Horse owners with a mare who can’t carry a foal to term need not give up on the idea of getting a foal from her.
One solution is embryo transfer (ET). The process involves taking a fertilised egg from the desired mare and implanting it into another healthy mare’s uterus to carry to full term.
ET is also an option for owners who would like a foal, but want to keep their mares in competition.
Depending on a horse’s registry, it is also a way that valuable mares can produce more than one foal a year.
“ET is actually a routine technique in equine veterinary practice,” says Dr Ahmed Tibary, a large animal reproduction specialist and head of the large animal theriogenology programme at the Washington State University College of Veterinary Medicine.
“It can be used as an infertility treatment, or for mares with severe lameness, metabolic disorders, or other health disorders for which pregnancy may be too risky. But most people use ET for performance horses, such as show, polo, dressage, or jumping horses. It is widely used in Argentina and throughout South America.”
While the technique may be routine, it is quite involved. “It is a case-by-case situation. The key to success is getting a healthy embryo, and finding a healthy and reproductively sound recipient mare that can carry the embryo and is ovulating at the same time as the donor mare,” says Dr Tibary, who has performed ETs in horses since 1985.
The process begins like any other pregnancy. First, the donor mare should have a breeding soundness evaluation to assess her ability to ovulate and produce a fertilised embryo.
Then she should be monitored during the cycle and bred close to ovulation to increases the odds of pregnancy and getting a viable embryo.
“The chance of getting an embryo in the first place can be difficult depending on the age and reproductive health of the donor, and on the semen quality and fertility of the stallion used,” Dr Tibary says.
“In older mares or those that have reproductive problems, the odds of getting an embryo in a particular cycle may be well below 40%.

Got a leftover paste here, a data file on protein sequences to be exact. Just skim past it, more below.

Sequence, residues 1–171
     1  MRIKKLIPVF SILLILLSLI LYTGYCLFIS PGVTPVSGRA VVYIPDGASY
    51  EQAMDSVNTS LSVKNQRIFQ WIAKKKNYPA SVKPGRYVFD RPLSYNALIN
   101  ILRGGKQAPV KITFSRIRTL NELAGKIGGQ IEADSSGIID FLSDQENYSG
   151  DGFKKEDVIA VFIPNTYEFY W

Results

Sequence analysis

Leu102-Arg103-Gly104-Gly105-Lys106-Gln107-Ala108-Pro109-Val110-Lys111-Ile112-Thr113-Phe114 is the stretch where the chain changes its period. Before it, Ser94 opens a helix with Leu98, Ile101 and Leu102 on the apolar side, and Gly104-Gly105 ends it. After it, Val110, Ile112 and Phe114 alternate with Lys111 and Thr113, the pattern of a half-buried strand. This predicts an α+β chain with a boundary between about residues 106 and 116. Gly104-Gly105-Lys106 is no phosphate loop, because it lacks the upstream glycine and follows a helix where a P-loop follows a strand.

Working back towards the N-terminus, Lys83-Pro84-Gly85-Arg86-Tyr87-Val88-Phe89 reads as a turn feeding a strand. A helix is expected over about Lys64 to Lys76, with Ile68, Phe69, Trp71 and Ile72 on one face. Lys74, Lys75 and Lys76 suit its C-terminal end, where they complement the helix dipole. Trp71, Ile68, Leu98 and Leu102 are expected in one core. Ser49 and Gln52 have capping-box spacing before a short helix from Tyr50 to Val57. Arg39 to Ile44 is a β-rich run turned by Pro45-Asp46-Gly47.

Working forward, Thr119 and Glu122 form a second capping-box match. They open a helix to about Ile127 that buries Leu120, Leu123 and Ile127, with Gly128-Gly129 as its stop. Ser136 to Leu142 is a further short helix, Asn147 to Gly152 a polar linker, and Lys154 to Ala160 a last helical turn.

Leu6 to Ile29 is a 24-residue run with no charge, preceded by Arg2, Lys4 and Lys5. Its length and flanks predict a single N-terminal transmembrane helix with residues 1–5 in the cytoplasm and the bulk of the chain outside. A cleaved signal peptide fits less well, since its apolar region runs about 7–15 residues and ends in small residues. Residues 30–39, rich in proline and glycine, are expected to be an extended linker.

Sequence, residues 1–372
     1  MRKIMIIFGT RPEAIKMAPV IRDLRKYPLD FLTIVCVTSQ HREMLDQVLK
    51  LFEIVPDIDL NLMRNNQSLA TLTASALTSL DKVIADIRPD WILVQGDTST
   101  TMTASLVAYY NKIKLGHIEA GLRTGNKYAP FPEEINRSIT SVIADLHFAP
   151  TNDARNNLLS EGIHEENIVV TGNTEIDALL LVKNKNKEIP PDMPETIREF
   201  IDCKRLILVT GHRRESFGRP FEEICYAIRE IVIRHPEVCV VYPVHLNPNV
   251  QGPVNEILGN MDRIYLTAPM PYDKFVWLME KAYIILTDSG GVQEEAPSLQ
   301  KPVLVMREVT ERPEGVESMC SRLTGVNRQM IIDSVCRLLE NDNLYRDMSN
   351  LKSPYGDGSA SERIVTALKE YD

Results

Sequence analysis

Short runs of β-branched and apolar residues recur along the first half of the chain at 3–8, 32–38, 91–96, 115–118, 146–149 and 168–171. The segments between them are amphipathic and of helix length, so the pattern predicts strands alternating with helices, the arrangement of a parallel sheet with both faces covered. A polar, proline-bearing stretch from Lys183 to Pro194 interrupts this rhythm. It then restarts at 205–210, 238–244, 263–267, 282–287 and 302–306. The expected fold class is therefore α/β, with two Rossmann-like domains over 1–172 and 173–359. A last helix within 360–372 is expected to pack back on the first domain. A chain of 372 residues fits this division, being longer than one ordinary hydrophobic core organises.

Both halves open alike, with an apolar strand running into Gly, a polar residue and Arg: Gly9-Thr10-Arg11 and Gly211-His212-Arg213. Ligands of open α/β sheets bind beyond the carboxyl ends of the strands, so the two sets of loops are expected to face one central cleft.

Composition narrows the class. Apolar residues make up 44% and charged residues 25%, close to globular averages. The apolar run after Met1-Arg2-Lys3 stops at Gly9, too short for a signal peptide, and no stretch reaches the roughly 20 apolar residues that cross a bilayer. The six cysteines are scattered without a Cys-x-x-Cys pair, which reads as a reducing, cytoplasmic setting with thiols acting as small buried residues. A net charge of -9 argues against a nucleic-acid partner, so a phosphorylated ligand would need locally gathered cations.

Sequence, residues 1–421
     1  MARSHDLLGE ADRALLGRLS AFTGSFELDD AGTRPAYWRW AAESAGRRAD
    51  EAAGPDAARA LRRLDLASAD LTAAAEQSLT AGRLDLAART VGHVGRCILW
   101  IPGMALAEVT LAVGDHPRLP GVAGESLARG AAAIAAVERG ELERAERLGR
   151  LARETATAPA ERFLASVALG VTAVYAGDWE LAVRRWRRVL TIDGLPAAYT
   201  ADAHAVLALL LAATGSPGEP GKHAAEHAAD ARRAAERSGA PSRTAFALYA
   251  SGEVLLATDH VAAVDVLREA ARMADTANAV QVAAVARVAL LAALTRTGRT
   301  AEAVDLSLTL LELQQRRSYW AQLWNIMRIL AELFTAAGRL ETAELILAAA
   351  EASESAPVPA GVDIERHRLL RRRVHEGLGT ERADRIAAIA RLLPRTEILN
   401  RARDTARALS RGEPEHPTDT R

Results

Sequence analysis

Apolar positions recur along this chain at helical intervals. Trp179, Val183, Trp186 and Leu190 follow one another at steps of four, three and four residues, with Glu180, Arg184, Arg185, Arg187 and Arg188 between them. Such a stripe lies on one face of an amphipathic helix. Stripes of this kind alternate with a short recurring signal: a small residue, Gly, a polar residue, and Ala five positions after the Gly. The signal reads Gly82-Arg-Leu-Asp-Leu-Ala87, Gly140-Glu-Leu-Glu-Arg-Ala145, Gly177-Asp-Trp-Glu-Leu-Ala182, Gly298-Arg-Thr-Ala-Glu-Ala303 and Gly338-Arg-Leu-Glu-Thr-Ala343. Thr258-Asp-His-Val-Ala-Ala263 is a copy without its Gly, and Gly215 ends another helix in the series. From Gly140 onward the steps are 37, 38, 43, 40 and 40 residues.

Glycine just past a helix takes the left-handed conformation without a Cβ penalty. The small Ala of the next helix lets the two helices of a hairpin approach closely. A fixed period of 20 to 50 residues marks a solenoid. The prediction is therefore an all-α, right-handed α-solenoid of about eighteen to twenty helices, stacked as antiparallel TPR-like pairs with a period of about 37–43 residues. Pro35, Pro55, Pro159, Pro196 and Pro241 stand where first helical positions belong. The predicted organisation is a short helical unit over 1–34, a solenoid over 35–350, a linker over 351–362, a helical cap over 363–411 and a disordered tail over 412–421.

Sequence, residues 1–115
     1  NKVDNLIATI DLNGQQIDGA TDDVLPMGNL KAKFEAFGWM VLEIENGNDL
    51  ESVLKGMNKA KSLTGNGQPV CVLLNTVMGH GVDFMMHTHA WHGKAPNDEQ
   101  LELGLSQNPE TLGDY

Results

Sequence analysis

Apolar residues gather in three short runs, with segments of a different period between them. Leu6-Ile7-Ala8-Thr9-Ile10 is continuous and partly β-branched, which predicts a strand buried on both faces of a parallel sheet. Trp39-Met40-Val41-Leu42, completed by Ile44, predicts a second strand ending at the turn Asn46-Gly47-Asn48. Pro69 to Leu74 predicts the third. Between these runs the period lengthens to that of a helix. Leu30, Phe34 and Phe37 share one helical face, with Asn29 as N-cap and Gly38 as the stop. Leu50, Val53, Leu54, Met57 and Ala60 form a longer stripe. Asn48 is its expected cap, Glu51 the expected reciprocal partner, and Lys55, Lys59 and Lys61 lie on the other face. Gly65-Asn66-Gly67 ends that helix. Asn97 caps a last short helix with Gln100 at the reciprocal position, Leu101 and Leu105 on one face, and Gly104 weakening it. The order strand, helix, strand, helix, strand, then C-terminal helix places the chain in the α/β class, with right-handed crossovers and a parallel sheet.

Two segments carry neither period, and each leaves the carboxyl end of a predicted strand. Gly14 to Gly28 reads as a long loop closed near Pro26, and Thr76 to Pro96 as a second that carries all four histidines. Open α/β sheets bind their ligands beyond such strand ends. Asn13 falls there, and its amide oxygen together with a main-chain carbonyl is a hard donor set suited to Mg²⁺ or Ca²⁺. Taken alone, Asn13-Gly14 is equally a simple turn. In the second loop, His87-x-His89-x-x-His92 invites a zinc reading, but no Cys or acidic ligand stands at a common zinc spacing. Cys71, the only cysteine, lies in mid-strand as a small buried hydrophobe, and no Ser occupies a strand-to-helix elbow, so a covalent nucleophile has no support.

“In younger mares with no reproductive problems, there is a 70% to 80% chance of getting an embryo. To boost those odds, it is imperative to use high-quality semen from a highly fertile stallion, in addition to close ultrasonographic monitoring of the mare in the immediate pre and post-insemination period and ovulation to address any problems that may arise.”
At the same time the donor mare is being monitored for ovulation, several potential recipient mares should be checked for ovulation as well.
They should also have breeding soundness evaluations to make sure the recipients are healthy enough to carry the foal to term. The goal is to find a recipient that is ovulating the same day or one or two days after the donor.
To help this happen, veterinarians can treat the mares with hormones to synchronise their ovulation. Another option is to use a hormonally prepared ovariectomised mare.
Seven days after ovulation has occurred in the donor, the embryo is flushed out through a Foley catheter inserted through the cervix, using a special protective solution. In most cases, the fresh embryo is transferred directly to the recipient mare with a conventional non-surgical technique similar to insemination.
“In some cases, you can freeze the embryo until you find a recipient, but the embryo might not survive that type of manipulation and the pregnancy rate drops dramatically unless a specific technique and stage of embryo is used,” he says. “If the embryo is transferred fresh, the chance of success is a lot better. Embryos can also be cooled and shipped to another state where a recipient is located, but the pregnancy rate drops some.”
With all these factors, ET can be an expensive and frustrating proposition.
Beyond the ET procedure itself, other costs often include breeding soundness evaluations, hospital boarding fees, hormonal treatments to induce ovulation, semen or stud fees, and the management of mares post-breeding.
“The ET case load at WSU is relatively small,” says Dr Tibary, who has practiced reproductive medicine in the United States and abroad, and managed some of the largest stud farms in Morocco and Abu Dhabi before joining the faculty at the university in 1998.
“Overseas, I routinely did 50 to 80 ETs per year,” he says.
“There is a lot of research that can be done to further develop ET associated techniques. One is gamete transfer, which is only available at three or four labs in North America,” he says.
Article first published on Horsetalk.co.nz in 2009.